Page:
Publication information
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Source: Independent
Source type: magazine
Document type: article
Document title: “President McKinley Shot”
Author(s): anonymous
Date of publication: 12 September 1901
Volume number: 53
Issue number: 2754
Pagination: 2139-40

“President McKinley Shot.” Independent 12 Sept. 1901 v53n2754: pp. 2139-40.
full text
McKinley assassination; William McKinley (surgery); William McKinley (medical condition).
Named persons
John Wilkes Booth; George B. Cortelyou; Edward VII; James A. Garfield; James Gibbons; Charles J. Guiteau; Samuel R. Ireland; Abraham Lincoln; Matthew D. Mann; Ida McKinley; William McKinley; John G. Milburn; James B. Parker [identified as John Harper below]; Theodore Roosevelt.


President McKinley Shot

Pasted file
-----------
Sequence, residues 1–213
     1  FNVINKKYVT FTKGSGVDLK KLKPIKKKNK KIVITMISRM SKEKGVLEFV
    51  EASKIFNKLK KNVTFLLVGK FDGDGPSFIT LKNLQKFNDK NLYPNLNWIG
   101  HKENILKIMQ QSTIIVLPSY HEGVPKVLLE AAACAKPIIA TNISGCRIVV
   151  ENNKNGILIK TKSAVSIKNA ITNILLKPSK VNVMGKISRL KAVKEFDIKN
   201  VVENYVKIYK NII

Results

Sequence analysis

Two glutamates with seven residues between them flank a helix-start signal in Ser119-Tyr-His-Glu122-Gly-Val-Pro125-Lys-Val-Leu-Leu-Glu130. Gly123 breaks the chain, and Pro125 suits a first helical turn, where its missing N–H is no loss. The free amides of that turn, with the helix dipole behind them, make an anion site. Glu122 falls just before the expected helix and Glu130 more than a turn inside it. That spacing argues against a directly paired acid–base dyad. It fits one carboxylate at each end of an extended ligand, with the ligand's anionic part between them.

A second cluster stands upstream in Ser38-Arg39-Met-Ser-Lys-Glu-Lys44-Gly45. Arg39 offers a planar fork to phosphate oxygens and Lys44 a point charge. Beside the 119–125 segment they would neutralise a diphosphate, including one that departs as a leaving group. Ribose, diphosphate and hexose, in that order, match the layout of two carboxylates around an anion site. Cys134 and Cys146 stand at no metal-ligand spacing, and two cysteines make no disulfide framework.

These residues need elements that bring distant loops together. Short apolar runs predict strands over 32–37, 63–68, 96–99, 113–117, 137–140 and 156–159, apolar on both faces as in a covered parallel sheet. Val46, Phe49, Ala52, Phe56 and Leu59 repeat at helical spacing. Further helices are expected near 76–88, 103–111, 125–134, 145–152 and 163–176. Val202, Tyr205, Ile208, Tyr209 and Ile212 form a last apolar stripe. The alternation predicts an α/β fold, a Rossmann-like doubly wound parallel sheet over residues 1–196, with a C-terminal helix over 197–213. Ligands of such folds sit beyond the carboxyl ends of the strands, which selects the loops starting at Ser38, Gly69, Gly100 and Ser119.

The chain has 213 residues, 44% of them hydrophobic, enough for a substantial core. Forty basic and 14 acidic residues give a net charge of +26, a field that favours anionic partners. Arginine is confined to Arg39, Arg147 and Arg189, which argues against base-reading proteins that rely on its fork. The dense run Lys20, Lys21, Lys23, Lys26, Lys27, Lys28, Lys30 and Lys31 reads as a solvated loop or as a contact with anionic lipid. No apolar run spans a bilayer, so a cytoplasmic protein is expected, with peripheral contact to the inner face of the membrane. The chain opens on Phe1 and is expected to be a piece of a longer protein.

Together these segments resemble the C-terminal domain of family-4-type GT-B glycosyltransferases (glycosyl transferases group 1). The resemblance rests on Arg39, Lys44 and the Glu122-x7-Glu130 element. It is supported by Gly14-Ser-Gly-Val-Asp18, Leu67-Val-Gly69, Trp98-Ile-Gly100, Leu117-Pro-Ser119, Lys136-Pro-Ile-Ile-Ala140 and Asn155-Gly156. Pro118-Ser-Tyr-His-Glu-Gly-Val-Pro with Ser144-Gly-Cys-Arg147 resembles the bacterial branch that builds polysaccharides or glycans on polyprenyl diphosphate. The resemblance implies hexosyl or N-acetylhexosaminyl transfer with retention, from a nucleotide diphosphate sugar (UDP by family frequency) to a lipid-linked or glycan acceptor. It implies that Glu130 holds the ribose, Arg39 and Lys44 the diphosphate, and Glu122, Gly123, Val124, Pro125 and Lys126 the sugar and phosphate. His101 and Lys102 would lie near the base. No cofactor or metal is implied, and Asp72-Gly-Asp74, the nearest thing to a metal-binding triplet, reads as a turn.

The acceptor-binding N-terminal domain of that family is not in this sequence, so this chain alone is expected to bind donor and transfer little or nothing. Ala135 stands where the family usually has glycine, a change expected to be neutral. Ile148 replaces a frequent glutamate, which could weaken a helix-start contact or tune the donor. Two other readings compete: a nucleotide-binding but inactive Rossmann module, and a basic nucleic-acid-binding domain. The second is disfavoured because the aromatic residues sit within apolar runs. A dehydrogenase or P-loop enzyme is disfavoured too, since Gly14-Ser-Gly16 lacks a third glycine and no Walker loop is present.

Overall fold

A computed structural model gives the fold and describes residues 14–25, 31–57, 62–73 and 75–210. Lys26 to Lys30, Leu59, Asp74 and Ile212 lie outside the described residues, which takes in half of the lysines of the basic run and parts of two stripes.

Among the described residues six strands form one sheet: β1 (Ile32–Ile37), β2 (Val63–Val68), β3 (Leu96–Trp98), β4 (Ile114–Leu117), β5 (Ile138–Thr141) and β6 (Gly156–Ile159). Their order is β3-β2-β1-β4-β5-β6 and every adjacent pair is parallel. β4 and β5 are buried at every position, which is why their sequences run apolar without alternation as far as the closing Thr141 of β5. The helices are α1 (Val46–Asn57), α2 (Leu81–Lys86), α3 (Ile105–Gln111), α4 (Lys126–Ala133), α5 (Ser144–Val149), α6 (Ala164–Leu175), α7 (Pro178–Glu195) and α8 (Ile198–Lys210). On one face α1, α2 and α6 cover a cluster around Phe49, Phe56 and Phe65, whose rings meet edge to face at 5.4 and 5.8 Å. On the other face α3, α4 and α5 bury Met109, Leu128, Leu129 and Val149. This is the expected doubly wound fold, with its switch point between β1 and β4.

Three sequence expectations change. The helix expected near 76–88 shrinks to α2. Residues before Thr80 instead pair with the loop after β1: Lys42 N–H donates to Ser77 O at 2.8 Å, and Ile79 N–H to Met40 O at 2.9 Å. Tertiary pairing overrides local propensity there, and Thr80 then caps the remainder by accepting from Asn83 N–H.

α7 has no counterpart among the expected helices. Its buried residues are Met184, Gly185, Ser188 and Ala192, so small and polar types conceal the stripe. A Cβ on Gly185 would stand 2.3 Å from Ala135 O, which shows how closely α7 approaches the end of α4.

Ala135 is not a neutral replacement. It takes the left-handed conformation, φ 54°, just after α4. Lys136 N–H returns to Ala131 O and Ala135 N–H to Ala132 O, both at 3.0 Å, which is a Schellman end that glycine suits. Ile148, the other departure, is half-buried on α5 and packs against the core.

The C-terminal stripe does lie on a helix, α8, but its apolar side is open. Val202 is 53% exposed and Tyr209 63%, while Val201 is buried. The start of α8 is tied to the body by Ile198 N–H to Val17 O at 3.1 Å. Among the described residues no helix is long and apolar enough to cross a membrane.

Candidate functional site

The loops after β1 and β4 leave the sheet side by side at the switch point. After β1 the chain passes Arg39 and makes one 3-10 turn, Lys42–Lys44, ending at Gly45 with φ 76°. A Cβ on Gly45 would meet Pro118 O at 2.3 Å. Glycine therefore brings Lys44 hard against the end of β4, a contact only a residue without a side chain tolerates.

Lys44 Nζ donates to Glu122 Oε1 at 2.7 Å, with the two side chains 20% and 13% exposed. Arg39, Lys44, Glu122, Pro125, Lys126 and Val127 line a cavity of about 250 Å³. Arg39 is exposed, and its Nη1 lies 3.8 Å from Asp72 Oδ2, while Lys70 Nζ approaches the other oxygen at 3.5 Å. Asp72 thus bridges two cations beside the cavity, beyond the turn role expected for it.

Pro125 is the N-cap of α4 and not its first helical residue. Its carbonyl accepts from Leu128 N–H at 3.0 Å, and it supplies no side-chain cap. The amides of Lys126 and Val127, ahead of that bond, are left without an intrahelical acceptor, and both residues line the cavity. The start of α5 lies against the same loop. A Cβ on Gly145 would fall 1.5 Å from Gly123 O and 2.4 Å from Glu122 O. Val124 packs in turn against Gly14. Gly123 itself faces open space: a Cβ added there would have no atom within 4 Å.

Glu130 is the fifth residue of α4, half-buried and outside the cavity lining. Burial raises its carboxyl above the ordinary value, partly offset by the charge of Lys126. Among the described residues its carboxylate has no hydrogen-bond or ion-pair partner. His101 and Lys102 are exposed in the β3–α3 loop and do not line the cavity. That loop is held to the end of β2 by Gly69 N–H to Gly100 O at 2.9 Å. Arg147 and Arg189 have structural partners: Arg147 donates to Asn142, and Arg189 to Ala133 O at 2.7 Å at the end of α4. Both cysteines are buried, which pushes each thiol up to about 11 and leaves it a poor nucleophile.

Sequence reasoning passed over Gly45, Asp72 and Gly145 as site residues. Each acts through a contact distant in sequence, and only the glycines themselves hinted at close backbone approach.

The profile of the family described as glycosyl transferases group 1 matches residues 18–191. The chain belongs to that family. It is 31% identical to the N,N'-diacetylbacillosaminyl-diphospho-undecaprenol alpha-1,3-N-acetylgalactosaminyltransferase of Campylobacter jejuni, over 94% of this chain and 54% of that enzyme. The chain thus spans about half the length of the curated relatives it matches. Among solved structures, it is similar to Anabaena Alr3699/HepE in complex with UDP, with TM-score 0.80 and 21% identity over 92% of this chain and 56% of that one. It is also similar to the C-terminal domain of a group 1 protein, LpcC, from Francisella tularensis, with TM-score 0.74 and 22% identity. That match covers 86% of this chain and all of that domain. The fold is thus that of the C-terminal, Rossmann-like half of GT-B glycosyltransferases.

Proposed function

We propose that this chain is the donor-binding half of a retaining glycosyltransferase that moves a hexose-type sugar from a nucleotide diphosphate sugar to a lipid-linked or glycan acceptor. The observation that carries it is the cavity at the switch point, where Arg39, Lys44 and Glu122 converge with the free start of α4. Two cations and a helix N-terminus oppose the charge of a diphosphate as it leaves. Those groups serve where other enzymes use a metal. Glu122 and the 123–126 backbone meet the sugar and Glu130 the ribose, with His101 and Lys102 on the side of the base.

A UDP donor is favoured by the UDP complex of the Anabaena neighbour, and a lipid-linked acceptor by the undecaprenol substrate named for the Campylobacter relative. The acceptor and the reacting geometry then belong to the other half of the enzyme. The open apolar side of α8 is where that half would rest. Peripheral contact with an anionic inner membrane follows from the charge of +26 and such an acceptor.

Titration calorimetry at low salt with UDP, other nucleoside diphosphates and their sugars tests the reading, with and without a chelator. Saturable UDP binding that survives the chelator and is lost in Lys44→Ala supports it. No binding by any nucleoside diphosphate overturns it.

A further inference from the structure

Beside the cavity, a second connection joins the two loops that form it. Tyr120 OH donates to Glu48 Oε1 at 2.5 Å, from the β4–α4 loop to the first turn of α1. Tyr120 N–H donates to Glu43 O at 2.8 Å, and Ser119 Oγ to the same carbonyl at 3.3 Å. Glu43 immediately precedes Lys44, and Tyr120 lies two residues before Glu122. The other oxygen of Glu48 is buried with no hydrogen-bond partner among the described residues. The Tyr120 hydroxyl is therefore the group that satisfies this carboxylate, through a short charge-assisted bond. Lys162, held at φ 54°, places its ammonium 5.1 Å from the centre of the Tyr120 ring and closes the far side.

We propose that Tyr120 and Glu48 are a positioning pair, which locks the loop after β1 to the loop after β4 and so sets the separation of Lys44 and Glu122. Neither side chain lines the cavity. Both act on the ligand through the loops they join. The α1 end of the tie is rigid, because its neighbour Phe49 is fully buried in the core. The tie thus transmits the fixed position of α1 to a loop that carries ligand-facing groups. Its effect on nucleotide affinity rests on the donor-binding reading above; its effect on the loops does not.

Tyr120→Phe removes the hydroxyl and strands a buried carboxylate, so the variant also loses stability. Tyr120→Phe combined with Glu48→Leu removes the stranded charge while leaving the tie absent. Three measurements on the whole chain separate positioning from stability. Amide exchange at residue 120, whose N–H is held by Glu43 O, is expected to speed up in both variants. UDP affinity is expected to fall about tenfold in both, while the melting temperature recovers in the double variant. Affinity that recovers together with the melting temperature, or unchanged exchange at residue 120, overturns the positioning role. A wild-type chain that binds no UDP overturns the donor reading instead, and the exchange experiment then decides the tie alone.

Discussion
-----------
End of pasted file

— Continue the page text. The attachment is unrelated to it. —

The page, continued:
Once more an attempt, possibly successful, has been made by an assassin of the life of a President of the United States. Lincoln was killed by Booth, maddened by the overthrow of the Southern Confederacy; Garfield by Guiteau, a disappointed office-seeker; and now McKinley has been shot by a man who calls himself an anarchist. The President had accepted an invitation to visit the Buffalo Exposition. He was the guest of Mr. Milburn, President of the Exposition. He had spent one day visiting the buildings and making a notable address. The second day he visited Niagara Falls with Mrs. McKinley. On their return from Niagara Mrs. McKinley, being wearied, went directly to the house of Mr. Milburn, while the President went back to the Exposition, where he was to receive those who wished to shake hands with him. For this purpose he went to the Temple of Music, where from a door a line of citizens passed by him. Several detectives watched the line, and near him was his private secretary, Mr. Cortelyou, and at his right stood Mr. Milburn to introduce the citizens. An unknown man, short and dark, looking like an Italian, suspected to be an accomplice, passed just before the assassin, and held the President’s hand longer than he should, so that he was shoved along by the Secret Service officers. They watched him carefully, but paid no special attention to the boyish and innocent-looking man behind, whose right hand was tied up in a handkerchief, as if injured, and who extended his left to the President. The President smiled and reached his hand, when the man lifted his right hand and shot the President twice through the handkerchief. One ball struck the breastbone and lodged there; the other passed through both walls of the stomach and lodged in the muscles of the back. The President lifted his hand to his chest and drew it away stained with blood. Secretary Cortelyou caught him as he staggered, and he was speedily taken to the hospital of the Exposition. Immediately behind the assassin, in the line, followed a stout negro, named John Harper, who instantly threw his arm around the assassin’s neck, with a strangling hold, and with the other hand seized his pistol, while Mr. S. R. Ireland, a Secret Service man, cast himself upon him, and threw him to the floor. Cries of “Lynch him” arose, but the officers speedily removed him from the crowd and carried him to a police station. Accounts agree that the President’s first word was that the news must be gently told to Mrs. McKinley, and it is said that he then told the officers not to hurt the assassin, and told Mr. Milburn his regret that this affair would be an injury to the Exposition. The shooting took place at 4 P. M. on last Friday. Instantly the attempt was made to bring the best surgeons in the city. Fifteen minutes after the shooting the President was laid in an ambulance and taken to the Emergency Hospital, the crowd making way as it went at full speed to the hospital. There six doctors were in attendance, with skilled nurses. The wound in the chest was superficial, and the bullet was easily extracted. The other bullet was seen to have perforated the stomach. The walls of the abdomen were opened, and a small perforation found in the front of the stomach and a larger one in the rear. The stomach was turned around, and this wound first sewed up and then the an- [2139][2140] terior wound sewed, and the cavity properly washed with disinfectants, and the incision closed, with the proper drainage tube. The bullet was not found, as its course could not be immediately traced, but it had probably lodged in the muscles of the back, and had not passed through any other vital organ. It will not be necessary to seek its location with the X-rays unless inflammation shows itself, when it will be located and removed. The operation was courageously undertaken by Dr. Matthew D. Mann, aided by several other physicians, and completed within an hour after the injury. This is a phenomenally short time, and of great importance as favoring recovery. As the President desired to be taken to Mr. Milburn’s house this was done. Meanwhile Mrs. McKinley had been informed that the President had fallen and had suffered some injury, but was not allowed to know that an attempt had been made to murder him. Her health is such that the physicians did not dare to let her know the truth. Mr. Milburn’s house is picketed with soldiers, and the streets near it closed to traffic. The physicians have given out frequent bulletins, and at the time we go to press the condition of the patient is as favorable as could be expected. At the same time at his age the wound is a very dangerous one, with the chances now favoring for recovery. The members of the Cabinet immediately hurried to Buffalo, as did also Vice-President Roosevelt, who, under the Constitution, would become Acting President in case of the disability of the President. The grief of the Vice-President and the people, as also of the representatives of foreign nations, has been most sympathetically expressed. The Empress of Germany and her husband have sent a special message to Mrs. McKinley. King Edward and other rulers have cabled. Prayers for the President were offered in all the churches last Sunday, Cardinal Gibbons having given direction that this be done in Catholic Churches.